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While many of the creators don’t seem too phased by the possible ban, some do have backup plans lined up. Nava Rose, a TikTok DIY star with more than 2 million followers, is already thinking about her next steps. “If the ban does happen, it would totally suck since TikTok is my biggest platform, but I’ll still continue to create on Instagram and YouTube.” Kay adds that Instagram is a focus for him going forward, too. “It wouldn’t be the end of my world personally, as I have managed to make Instagram another profitable platform for myself. A lot of my followers would love to see my video content, so I suppose I would make more video content for Instagram.”
Jones echoes the sentiment as well. “I have almost half a million followers on Instagram, which I’m very grateful for,” she says. “Luckily, I would still have an audience to create for, but it’s a very different community. I’m also getting ready to launch a YouTube channel with longer content, fashion videos, and makeup tutorials. That’s a step I’m going to take regardless.” Other social media apps are also preparing to innovate on new platforms should TikTok be banned. Facebook, for instance, is currently developing Instagram Reels. Expected to roll out in August, Reels allows users to create and share short-form video content on the Explore page using music and audio soundtracks, much like TikTok. It’s a more video-centric approach for the app, which has typically been more photo based. It wouldn’t be the first time Instagram has stepped up to keep up, of course. It did the same when it rolled out Stories in 2016, a counteraction to rival Snapchat’s more candid, off-the-cuff posting method.
Marc Sebastian, recently profiled in Vogue, is a stylist and model with more than 400,000 followers. He thinks the possible ban is simply a form of retaliation from Trump, whose Tulsa rally was sabotaged by TikTok users back in June. (They played a role in its low attendance; creators encouraged each other to file more than half a million ticket requests for the rally, leading organizers to think its 19,000-seat capacity would be sold out.) “Isn’t it just so funny that the kids on TikTok ruined that rally for Trump, and then a week later the Trump administration talks about banning the app due to ‘privacy concerns,’” he tells Vogue. Sebastian adds that while TikTok isn’t perfect, privacy concerns are not the main issue users should be worried about. “None of our information is actually stored in China—it’s all in Singapore and here in the U.S.,” he says. “I do think TikTok has a lot of kinks to work out, but the ban isn’t happening.”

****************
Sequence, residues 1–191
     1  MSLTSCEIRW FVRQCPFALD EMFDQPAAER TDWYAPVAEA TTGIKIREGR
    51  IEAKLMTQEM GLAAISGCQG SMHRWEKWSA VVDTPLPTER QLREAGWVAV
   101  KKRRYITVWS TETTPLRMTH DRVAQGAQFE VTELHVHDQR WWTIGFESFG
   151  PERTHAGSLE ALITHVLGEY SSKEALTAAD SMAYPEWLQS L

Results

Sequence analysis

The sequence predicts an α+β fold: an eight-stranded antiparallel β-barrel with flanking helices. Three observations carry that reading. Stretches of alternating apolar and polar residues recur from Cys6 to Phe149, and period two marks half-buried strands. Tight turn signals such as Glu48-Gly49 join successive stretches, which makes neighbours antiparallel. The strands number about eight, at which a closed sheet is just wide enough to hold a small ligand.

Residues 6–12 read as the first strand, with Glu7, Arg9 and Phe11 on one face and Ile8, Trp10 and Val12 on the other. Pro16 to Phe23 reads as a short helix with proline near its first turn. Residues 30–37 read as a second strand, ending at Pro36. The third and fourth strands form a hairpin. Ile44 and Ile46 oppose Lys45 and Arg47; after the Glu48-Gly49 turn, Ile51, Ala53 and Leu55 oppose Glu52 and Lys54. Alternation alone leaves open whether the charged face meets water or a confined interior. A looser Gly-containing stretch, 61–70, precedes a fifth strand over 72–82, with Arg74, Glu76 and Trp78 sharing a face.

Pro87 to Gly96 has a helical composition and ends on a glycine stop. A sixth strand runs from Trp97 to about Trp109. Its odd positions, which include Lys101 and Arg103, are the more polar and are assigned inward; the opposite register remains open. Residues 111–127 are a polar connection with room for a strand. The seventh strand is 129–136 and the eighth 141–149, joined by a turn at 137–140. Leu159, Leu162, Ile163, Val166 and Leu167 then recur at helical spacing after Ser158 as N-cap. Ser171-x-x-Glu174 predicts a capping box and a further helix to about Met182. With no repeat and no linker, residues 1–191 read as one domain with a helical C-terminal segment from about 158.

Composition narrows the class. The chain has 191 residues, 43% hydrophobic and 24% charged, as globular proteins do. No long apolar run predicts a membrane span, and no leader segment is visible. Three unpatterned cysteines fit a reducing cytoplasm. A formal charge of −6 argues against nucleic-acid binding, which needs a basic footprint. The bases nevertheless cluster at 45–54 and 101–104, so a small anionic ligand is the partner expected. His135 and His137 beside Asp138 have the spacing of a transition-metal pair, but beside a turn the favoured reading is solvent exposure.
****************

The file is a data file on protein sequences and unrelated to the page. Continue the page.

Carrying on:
Suitable for Women/Men/Girl/Boy, Fashion 3D digital print drawstring hoodies, long sleeve with big pocket front. It’s a good gift for birthday/Christmas and so on, The real color of the item may be slightly different from the pictures shown on website caused by many factors such as brightness of your monitor and light brightness, The print on the item might be slightly different from pictures for different batch productions, There may be 1-2 cm deviation in different sizes, locations, and stretch of fabrics. Size chart is for reference only, there may be a little difference with what you get.
- Material Type: 35% Cotton – 65% Polyester
- Soft material feels great on your skin and very light
- Features pronounced sleeve cuffs, prominent waistband hem and kangaroo pocket fringes
- Taped neck and shoulders for comfort and style
- Print: Dye-sublimation printing, colors won’t fade or peel
- Wash Care: Recommendation Wash it by hand in below 30-degree water, hang to dry in shade, prohibit bleaching, Low Iron if Necessary
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